Goway Africa destination specialist Siddharth Bhandari recently returned from Uganda. We asked Siddharth to answer some questions regarding his experience and to share some tips and insight about visiting and selling travel to Uganda.
What do you think is the biggest misconception about Uganda?
Many people think that Uganda is not safe to travel. I think this is not true at all. There was not a single moment during my stay where felt I was unsafe. Ugandans are very warm and welcoming people. They are friendly and always happy to see visitors from other countries. Moreover, our partner organisations in Uganda have top professional guides who have phenomenal knowledge of the country.
What was your favourite hotel / lodge and why?
Kyambura (pronounced “Cham- bu-ra”) Gorge Lodge is my favorite property. The lodge, situated on a hill overlooks the savannah and the gorge. It offers great views from its luxurious guest rooms, which also have an indoor and outdoor shower. Clients can do chimp trekking, walking trails, game drives, and boat cruises on the famous Kazinga Channel from here.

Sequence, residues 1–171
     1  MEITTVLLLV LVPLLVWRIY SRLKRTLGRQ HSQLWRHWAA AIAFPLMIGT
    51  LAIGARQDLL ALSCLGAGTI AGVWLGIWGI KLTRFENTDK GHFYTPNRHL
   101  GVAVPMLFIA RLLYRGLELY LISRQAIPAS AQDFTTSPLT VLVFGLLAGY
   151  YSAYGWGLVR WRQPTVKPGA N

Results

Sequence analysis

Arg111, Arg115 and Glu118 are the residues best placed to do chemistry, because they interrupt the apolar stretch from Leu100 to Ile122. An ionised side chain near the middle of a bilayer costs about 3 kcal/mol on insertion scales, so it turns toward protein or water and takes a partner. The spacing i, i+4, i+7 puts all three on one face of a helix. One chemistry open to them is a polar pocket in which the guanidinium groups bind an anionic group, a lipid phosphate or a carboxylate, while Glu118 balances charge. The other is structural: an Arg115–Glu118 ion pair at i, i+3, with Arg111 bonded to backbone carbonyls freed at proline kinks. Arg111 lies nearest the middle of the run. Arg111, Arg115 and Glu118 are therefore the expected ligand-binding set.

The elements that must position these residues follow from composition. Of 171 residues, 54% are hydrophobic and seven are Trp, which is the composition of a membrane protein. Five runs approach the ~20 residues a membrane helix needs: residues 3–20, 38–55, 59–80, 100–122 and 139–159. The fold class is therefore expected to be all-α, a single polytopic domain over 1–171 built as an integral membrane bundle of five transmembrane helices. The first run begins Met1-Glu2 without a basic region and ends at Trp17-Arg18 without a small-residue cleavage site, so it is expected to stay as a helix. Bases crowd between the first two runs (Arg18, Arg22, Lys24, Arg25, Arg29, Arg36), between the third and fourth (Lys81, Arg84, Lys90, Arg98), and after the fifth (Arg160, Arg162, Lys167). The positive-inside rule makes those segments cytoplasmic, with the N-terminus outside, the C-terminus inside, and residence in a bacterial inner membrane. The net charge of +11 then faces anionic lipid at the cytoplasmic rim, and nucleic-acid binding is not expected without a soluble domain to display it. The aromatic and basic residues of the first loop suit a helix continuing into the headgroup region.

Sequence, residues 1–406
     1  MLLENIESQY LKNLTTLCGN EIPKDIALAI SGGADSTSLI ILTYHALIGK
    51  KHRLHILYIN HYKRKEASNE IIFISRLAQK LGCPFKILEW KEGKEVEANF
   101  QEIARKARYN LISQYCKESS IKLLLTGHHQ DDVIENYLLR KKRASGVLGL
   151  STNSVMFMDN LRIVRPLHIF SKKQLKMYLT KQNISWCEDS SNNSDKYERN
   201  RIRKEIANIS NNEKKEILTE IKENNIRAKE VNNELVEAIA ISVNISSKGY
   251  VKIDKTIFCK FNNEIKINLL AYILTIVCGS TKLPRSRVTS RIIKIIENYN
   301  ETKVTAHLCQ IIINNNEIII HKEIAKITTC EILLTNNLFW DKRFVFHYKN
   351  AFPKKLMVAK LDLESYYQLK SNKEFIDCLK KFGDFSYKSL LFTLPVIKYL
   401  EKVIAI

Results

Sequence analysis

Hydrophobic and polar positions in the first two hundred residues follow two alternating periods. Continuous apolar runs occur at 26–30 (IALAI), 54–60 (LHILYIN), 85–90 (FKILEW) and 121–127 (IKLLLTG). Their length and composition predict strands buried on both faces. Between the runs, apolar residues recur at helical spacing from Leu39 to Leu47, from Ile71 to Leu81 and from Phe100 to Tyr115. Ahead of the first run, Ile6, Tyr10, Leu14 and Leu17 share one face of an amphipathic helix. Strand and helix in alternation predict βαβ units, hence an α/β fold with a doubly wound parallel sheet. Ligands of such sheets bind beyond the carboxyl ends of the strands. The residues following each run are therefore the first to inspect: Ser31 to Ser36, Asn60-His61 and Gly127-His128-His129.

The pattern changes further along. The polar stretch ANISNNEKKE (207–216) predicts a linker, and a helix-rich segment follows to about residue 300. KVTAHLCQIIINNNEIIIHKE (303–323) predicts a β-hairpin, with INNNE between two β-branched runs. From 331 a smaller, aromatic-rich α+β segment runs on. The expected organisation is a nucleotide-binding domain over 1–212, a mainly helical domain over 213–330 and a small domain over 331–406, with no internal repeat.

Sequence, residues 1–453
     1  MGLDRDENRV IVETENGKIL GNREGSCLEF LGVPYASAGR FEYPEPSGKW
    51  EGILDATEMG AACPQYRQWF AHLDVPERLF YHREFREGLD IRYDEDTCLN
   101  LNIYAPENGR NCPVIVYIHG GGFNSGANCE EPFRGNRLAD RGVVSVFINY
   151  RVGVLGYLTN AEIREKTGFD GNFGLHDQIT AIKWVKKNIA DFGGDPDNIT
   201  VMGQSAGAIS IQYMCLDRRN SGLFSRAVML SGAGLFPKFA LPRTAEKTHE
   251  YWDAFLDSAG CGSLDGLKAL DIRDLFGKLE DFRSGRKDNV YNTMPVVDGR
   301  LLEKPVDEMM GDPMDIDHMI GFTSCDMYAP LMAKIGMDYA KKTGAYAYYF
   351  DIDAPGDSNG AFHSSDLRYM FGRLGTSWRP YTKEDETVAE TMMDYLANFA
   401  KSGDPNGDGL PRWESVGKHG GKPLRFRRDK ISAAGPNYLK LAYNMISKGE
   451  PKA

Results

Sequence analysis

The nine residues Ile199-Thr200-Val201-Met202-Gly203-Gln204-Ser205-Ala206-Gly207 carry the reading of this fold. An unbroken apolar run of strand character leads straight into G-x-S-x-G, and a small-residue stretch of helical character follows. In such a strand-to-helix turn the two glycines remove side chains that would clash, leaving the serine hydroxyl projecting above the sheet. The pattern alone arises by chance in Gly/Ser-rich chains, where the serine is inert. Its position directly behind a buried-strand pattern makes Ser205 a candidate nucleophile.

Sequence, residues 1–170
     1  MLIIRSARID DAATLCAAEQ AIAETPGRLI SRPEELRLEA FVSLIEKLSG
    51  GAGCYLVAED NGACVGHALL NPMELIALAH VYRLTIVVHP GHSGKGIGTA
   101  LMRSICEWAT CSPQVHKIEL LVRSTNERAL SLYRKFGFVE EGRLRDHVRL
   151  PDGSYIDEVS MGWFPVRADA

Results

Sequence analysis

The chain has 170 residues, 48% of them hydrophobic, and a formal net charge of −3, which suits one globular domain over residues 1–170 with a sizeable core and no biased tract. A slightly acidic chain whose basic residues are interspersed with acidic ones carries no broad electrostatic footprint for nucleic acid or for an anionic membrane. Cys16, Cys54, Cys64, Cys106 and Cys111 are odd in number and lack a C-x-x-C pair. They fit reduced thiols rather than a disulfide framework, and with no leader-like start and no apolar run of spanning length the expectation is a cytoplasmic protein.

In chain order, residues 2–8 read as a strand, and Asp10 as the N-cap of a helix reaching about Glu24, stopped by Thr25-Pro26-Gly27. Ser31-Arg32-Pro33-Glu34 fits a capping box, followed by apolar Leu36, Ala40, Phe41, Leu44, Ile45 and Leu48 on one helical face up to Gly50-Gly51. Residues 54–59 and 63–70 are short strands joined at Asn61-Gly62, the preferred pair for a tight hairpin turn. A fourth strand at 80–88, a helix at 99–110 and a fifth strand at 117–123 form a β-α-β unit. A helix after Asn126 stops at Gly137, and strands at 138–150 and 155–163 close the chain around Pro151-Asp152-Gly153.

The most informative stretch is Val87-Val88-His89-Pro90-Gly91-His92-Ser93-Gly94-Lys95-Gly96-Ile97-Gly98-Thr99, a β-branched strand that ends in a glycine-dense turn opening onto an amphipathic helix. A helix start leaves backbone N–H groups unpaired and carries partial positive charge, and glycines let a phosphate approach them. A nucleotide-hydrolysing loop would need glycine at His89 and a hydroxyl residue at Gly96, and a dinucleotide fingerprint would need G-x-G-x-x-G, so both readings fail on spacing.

What was your favourite unique stay / experience?
Seeing the mighty Silverback Gorilla in close proximity is something that I will remember for a long time.
As a Goway Africa Expert, was there anything that surprised you?
A lot of people do not know that Uganda also has abundant birdlife. From the tiny “Black Bee-eater” to the mighty “Shoebill Stork”, Uganda is home to more than six hundred amazing bird species. Not to forget the beautiful Crested Crane, Uganda’s National Bird. Uganda is truly a birder’s paradise.
What area would you recommend if clients wanted to extend into another country?
Combining Tanzania with Uganda is a great idea. This way you can also tick off seeing the Great Wildebeest Migration in the Serengeti from your bucket list.
Are there any tips about travelling to Uganda that agents might share with their clients to make their trip more enjoyable?
I would highly recommend clients book two Gorilla treks; simply because on the second trek you can keep your cameras behind and observe the Gorillas without any distraction.
Do you have a favourite local dish?
All the food we had everywhere was great, but the one thing that stood out for me was the Matoke soup. It was simple and delicious, but at the same time something different for my palate. Matoke is a banana that is indigenous to Uganda. They are shorter than regular bananas and are somewhat thicker at the midsection. Also, due to the high starch content, the flesh of unripe matoke bananas is especially hard, so they need to be boiled, steamed, or roasted before consumption.